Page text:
Girls and young women who served in a paramilitary organization during World War II had accelerated reproductive schedules, according to new research published in Nature Communications. The study provides evidence that exposure to stress, trauma, and mortality can alter women’s reproductive decisions.
“I am an evolutionary anthropologist and this question about how humans adaptively respond to conditions experienced during development is central to the field. Of course reproduction is at the center of all of this,” said study author Robert Lynch, a postdoctoral researcher at the University of Turku in Finland.
“So when I learned that we had data on women who were exposed to higher mortality and stress and at such young ages that could help to answer some of these questions, it was naturally of great interest to me.”
For their study, the researchers utilized a unique database from Finland, which gathered data on evacuees during World War II.
The Soviet Union invaded Finland in 1939, marking the beginning of the Winter War, and the Karelian population fled to western Finland, although approximately 60% of these evacuees returned to Karelia when it was temporarily recaptured by Finland between 1942 and 1944. Between 1968 and 1970, more than 300 individuals conducted structured interviews of approximately 250,000 Karelia evacuees.
These interviews included 37,613 women with records on their year of birth, place of birth, occupation, and years of birth of all their children. More than 4,000 of these women were listed as members of the paramilitary Lotta Svärd organization, which was tasked with supporting troops as nurses, air raid spotters, mess personnel and in other auxiliary capacities. These women were between 12 and 40 years old in 1939.
The researchers found that young women who joined Lotta Svärd waited less time to have their first child after the war ended, had shorter interbirth intervals, and higher lifetime reproductive success compared to their female counterparts who didn’t join the paramilitary group.
“An average reader should understand how past evolutionary pressures can influence your own current behavior. In this case evolution may have favored greater discounting (i.e. valuing present over future rewards) when people grow up in a dangerous or unpredictable environment (e.g. high mortality). This behavior can result in major changes to one’s life trajectory such as when and if you marry, have children and how many you end up having,” Lynch told PsyPost.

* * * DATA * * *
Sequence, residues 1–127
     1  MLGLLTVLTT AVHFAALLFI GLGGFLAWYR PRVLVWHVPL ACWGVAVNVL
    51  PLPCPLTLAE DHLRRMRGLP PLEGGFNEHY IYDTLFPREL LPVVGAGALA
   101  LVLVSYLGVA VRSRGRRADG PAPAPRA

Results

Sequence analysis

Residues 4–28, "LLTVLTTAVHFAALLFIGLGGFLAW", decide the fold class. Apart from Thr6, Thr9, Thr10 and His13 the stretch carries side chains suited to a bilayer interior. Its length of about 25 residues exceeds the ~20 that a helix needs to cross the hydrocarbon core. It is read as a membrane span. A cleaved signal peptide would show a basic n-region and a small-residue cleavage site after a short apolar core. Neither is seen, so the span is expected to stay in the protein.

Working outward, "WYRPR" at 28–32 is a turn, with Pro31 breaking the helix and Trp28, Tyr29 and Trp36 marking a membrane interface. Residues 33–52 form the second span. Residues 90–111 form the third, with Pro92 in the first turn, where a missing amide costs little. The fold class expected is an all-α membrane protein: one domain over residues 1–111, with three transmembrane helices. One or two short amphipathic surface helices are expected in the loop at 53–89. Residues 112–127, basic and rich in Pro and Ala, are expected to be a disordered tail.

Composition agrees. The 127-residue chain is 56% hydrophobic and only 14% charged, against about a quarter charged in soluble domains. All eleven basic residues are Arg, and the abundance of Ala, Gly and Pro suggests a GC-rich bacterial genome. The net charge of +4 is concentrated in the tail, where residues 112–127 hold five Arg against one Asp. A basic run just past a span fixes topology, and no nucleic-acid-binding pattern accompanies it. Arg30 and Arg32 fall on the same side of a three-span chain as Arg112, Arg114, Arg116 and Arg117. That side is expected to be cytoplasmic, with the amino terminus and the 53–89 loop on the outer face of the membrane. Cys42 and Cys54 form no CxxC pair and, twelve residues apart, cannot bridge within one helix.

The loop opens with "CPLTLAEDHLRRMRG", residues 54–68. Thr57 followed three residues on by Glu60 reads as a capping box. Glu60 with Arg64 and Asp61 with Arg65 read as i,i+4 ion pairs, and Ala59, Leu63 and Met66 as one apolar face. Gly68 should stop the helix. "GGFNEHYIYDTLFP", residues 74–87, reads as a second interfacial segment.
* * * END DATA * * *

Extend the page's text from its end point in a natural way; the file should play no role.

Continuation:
“These are not trivial effects. If we can measure these effects in basic life history traits then it almost certainly has large effects on many other behaviors we also care about such as overall aversion to risk, sociality or the pace of sexual development.”
The situation in Finland during WWII represented a “natural experiment,” in which two otherwise similar groups of women were divided by one factor — whether or not they joined Lotta Svärd. But despite the quasi-experimental data, the study still include some caveats.
“We do control for many of the issues of selection bias whereby some unknown and unmeasured trait similarly increases both the likelihood of volunteering to serve in this organization and someone’s reproductive timing by using a subset of sisters (one who served and one who did not) and comparing reproductive schedules of the same women both before and after the war,” Lynch explained.
“However, this is not a controlled study with randomized groups. These women are self-selected so the issue of selection bias persists. One of the most important question that still needs to be addressed is how this happens. How does exposure to higher mortality or stress affect reproductive timing. We do not know the proximate causes of the behavioral change which result in accelerated reproductive schedules (e.g. reduced risk aversion or greater discounting).”
The study could also have implications for the modern day.
“This finding and other studies like this may even have implications for the current pandemic. This is pure speculation of course, but if younger children are being exposed to constant media reports of ‘staggering’ death tolls from COVID-19 or possibly even exposed to deaths of their own family members, we might expect evolved behavioral response that could result in faster reproductive schedules for this cohort when they reach adulthood,” Lynch explained.
The study, “Child volunteers in a women’s paramilitary organization in World War II have accelerated reproductive schedules“, was authored by Robert Lynch, Virpi Lummaa, Michael Briga, Simon N. Chapman, and John Loehr.
(Photo credit: SA-kuva Finnish Wartime Photograph Archive)